Author Topic: Foreign-based players spearhead ailing China football to higher status  (Read 709 times)

Offline David

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While China football is still licking their wounds from the women's Algarve Cup fiasco early March, the world's most popular game is trying to gain ground in China following some inspiring performances of their foreign-based players.
China captain Zheng Zhi made headlines across the British media on Monday after a match-winning display that gives Charlton Athletic hope of avoiding Premier League relegation.
Zheng, who signed a loan from Shandong Luneng on Dec. 29 until the end of the season, headed Charlton in front against Newcastle United in his first full start on Sunday.
He followed up by winning a late penalty converted by Jerome Thomas to give the southeast London club a precious 2-0 victory in their struggle to beat the drop.
Another Chinese sensation Sun Xiang played both legs of the European Championships match between Eindhoven PSV and English giant Arsenal, making him the first Chinese soccer player who has played at the European elite soccer competition.
Besides, China's Ma Xiaoxu, the AFC's Women's Player of the Year, secured a contract with the Swedish women's soccer champions Umea IK.
Umea, who have reportedly agreed a six-month deal with Ma starting from the new season in April, are one of the top women's clubs in Europe with five domestic championships and two European crowns in the past seven years. Their side includes FIFA Women's World Player of the Year Marta and Swedish talisman Hanna Ljungberg.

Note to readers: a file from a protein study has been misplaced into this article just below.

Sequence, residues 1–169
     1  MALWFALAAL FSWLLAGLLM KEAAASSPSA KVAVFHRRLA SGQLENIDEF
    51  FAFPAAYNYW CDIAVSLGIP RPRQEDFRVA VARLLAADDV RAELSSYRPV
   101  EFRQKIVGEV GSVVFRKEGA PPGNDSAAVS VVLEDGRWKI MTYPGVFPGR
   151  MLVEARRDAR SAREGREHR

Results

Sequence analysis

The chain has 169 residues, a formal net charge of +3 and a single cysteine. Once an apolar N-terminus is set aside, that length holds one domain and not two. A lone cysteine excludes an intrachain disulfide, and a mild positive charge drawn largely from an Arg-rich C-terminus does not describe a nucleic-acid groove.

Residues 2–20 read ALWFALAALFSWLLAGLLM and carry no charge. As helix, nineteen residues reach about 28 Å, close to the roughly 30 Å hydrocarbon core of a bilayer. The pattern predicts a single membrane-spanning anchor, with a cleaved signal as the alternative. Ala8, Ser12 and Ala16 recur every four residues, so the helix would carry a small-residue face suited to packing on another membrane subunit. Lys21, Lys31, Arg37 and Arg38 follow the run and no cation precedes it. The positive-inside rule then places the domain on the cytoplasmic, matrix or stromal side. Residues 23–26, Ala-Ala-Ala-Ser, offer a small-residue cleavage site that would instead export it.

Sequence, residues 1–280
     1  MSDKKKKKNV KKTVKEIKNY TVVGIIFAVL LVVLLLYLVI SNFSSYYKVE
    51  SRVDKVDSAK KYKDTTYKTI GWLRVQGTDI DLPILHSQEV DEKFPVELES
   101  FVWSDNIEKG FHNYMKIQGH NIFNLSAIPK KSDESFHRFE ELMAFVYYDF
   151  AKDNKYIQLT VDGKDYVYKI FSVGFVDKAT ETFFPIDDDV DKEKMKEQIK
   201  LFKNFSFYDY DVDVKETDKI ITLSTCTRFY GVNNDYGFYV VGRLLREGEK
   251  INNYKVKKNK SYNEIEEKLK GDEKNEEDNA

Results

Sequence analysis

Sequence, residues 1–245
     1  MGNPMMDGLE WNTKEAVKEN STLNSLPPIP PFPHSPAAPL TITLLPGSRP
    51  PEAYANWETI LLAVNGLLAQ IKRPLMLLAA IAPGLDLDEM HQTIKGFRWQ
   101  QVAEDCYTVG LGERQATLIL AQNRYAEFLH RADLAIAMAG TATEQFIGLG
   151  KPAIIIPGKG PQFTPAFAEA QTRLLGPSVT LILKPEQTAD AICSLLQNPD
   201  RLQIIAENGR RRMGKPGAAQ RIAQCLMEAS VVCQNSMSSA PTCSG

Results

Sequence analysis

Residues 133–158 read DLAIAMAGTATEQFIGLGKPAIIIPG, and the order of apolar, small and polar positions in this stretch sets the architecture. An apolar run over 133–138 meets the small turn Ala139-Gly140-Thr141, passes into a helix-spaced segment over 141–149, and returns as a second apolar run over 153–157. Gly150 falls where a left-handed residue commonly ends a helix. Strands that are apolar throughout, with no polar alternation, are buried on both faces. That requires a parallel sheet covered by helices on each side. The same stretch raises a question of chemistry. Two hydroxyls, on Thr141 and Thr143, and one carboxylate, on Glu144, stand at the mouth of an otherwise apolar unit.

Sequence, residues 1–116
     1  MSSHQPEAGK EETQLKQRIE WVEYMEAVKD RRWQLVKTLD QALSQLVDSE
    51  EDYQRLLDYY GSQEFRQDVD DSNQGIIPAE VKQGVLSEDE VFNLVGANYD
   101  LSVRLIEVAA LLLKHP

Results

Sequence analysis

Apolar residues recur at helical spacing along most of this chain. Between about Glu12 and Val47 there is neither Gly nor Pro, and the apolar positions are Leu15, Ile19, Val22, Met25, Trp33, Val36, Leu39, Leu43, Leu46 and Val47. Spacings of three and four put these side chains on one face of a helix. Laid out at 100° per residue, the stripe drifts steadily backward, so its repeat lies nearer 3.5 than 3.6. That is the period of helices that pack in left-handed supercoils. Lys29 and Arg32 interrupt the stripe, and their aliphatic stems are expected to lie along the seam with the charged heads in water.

However, Chinese footballers also disappointed the fans in equal measure recently following the women team's nightmarish run in the Algarve Cup football tournament, where they lost four straight matches.
Since finishing second to the United States in the 1999 World Cup, the Chinese women, known as the "Steel Roses", have failed to return to such heights in international competitions.
The team was left high and dry into 2007 when the Chinese Football Association (CFA) failed to appoint the new head coach since former manager Ma Liangxing left the squad ahead of the Four Nations tournament, citing a heart problem late January.
The former top team has slipped to the 11th spot on the FIFA rankings on March 16 after the Algarve Cup.
In men's part, a mass brawl in London between the Chinese Olympic squad and English first division team Queens Park Rangers on Feb. 7 cast a shadow over the China Football Association (CFA)'s efforts to improve the league's image.
Embattled by black whistle and gambling, the CFA has vowed to keep a clean image of the top football league ahead of the new season which started early March.
"We must improve the competing level and make efforts to bring spectators back to the stands," said Ma Chengquan, one of the officials in charge of organising soccer leagues at the governing body on Feb. 26 at Xianghe, Hebei province.
The CFA held a two-day meeting at Xianghe, the first of its kind to bring together referees, club managers and team coaches, to address the possible problems in the upcoming season.
"Then, there must be a crackdown on gambling and the stadium security has to be maintained," he added.
A further strive was also made by the association, promising to donate six million yuan (US$0.78 million) to the Chinese Red Cross Foundation for their Warming China project, which aims to help out those poverty-stricken cancer patients for free.
"I hope this could help create a positive image for China soccer, which drew too much criticism in the past few years," said Li Jinyu, an international from top-flight club Shandong Luneng, who acts as image ambassador for the project.